A therapy dog is specially trained to provide comfort to people who are ill, confined to an institution, or dealing with learning disabilities, behavioral issues or other stressful conditions. The dog’s primary duty is to be an all-around “good dog” who allows herself to be handled —sometimes clumsily—by strangers.
Any size or breed of dog, including mixed breeds, can be therapy dogs. The only requirements are a stable, easygoing temperament and excellent training that enriches your relationship with your dog and makes her a better-behaved companion for all social situations. The real gift is the heartfelt satisfaction you will feel when you see the joy your canine pal can bring to people in need.
Does your dog have the right stuff?
Therapy Dogs International believes that a therapy dog is born, not made. Training is required, of course, but a therapy dog has to have the right stuff. She must be smart, patient, relaxed, friendly and confident. She should enjoy human contact and handling from unfamiliar children and adults, even if they approach her awkwardly.
You might start by asking yourself how your dog behaves with toddlers. Is she tolerant as the stumbling two-year old pulls on her ears or does she growl? How does your dog react to wheelchairs and other walking aids? If a wheelchair were to bump your dog, would she simply step out of the way or would she snap at the chair? Therapy dogs should have “low reactivity,” meaning that they react defensively only in an extremely threatening situation.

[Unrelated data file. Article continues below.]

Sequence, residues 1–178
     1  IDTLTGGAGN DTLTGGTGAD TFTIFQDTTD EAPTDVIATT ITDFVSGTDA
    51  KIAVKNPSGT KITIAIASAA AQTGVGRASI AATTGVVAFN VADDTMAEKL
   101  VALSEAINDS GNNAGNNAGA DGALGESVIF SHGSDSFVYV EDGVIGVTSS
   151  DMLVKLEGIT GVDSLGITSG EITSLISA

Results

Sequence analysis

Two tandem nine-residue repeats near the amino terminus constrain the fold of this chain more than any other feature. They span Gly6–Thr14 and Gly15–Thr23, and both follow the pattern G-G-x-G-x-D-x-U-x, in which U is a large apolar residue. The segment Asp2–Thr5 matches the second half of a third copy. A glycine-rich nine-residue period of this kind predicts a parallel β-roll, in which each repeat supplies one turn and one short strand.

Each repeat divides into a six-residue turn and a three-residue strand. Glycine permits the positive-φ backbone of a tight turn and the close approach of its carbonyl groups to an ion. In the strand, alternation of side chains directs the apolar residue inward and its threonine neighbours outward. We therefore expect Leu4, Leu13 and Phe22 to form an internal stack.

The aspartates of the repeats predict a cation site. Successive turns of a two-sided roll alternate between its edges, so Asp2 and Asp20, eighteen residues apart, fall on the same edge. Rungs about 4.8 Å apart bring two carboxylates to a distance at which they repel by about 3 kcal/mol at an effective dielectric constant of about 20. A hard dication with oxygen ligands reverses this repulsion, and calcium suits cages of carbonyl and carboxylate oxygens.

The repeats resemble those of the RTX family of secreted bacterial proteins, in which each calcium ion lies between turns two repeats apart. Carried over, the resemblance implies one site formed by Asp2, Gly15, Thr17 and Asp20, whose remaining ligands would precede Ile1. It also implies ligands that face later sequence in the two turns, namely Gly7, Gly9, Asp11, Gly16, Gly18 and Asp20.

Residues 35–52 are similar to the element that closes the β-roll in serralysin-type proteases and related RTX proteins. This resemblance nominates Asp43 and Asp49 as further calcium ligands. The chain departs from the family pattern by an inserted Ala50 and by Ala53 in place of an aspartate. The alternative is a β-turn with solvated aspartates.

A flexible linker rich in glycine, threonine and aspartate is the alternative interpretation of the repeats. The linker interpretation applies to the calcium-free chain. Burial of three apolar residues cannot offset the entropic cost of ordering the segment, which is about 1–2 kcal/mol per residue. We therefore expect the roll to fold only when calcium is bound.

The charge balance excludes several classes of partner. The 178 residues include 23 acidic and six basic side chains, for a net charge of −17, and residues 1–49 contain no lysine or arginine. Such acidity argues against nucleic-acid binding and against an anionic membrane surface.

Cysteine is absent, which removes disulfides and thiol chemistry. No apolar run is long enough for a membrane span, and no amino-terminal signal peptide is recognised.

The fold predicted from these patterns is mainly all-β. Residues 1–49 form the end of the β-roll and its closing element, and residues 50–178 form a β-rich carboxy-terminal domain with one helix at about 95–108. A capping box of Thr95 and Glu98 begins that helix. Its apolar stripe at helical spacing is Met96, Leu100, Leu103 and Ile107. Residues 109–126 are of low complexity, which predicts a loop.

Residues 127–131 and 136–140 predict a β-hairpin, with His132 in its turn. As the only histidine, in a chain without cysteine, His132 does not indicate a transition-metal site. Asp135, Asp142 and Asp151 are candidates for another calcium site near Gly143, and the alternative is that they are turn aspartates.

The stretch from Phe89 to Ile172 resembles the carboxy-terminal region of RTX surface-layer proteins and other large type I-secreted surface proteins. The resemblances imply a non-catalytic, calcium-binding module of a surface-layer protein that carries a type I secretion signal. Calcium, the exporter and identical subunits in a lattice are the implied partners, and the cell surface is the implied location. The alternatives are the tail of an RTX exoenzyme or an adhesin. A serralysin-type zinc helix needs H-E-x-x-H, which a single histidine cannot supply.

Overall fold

If you feel like your dog has the right stuff, call Therapy Dogs International or look up a therapy dog organization in your area on www.therapydogorganizations.net. Training usually begins with comprehensive obedience work and the American Kennel Club’s Canine Good Citizen test. After this, you and your dog will take a course that introduces you to different kinds of medical equipment and environments and “body desensitizing” techniques that train your dog to be handled without inducing a stress reaction. Lastly, as “extra credit,” you might want to take a “tricks” class.
Therapy Dogs International
Volunteer organization that regulates tests and registers therapy dogs and their
volunteer handlers for nursing homes, hospitals and other institutions .
Therapy Dog Organizations
State-by-state lists of organizations related to therapy dog training and service.
American Kennel Club Canine Good Citizen Class
Describes the training a dog needs to pass the Canine Good Citizen test.
Dogs Are Good Medicine
Smoky, a Yorkshire terrier rescued on a World War II battlefield by Corporal William Wynne, was the world’s first official therapy dog. Wynne took Smoky along on combat missions, during which she entertained and comforted the troops. When Wynne was hospitalized with illness, his friends brought Smoky to the hospital to cheer him up. Commanding officer Dr. Charles Mayo (of the Mayo Clinic) gave Smoky permission to go on rounds in the hospital, and Smoky continued her work as “the first therapy dog” for 12 years.
BELINDA RECIO received the 2004 United States Humane Society’s Award for Innovation in the Study of Animals and Society.